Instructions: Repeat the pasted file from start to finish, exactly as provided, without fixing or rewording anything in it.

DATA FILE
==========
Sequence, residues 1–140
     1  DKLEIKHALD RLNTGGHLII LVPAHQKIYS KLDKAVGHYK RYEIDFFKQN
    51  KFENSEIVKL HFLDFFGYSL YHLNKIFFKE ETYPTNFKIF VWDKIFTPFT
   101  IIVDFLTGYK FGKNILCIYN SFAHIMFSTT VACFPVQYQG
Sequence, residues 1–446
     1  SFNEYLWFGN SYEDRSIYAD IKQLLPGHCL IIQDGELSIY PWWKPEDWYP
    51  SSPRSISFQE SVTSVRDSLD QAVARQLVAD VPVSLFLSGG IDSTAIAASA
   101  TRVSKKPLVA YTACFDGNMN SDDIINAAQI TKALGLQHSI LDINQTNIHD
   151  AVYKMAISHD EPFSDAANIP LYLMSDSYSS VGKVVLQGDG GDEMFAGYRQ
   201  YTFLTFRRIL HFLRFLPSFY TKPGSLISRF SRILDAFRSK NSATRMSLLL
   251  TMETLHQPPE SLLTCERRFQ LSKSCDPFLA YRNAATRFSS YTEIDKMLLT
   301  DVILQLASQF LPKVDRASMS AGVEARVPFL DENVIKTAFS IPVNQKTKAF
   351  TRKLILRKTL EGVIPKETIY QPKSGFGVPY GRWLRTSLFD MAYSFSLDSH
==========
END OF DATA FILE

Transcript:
Sequence, residues 1–140
     1  DKLEIKHALD RLNTGGHLII LVPAHQKIYS KLDKAVGHYK RYEIDFFKQN
    51  KFENSEIVKL HFLDFFGYSL YHLNKIFFKE ETYPTNFKIF VWDKIFTPFT
   101  IIVDFLTGYK FGKNILCIYN SFAHIMFSTT VACFPVQYQG
Sequence, residues 1–446
     1  SFNEYLWFGN SYEDRSIYAD IKQLLPGHCL IIQDGELSIY PWWKPEDWYP
    51  SSPRSISFQE SVTSVRDSLD QAVARQLVAD VPVSLFLSGG IDSTAIAASA
   101  TRVSKKPLVA YTACFDGNMN SDDIINAAQI TKALGLQHSI LDINQTNIHD
   151  AVYKMAISHD EPFSDAANIP LYLMSDSYSS VGKVVLQGDG GDEMFAGYRQ
   201  YTFLTFRRIL HFLRFLPSFY TKPGSLISRF SRILDAFRSK NSATRMSLLL
   251  TMETLHQPPE SLLTCERRFQ LSKSCDPFLA YRNAATRFSS YTEIDKMLLT
   301  DVILQLASQF LPKVDRASMS AGVEARVPFL DENVIKTAFS IPVNQKTKAF
   351  TRKLILRKTL EGVIPKETIY QPKSGFGVPY GRWLRTSLFD MAYSFSLDSH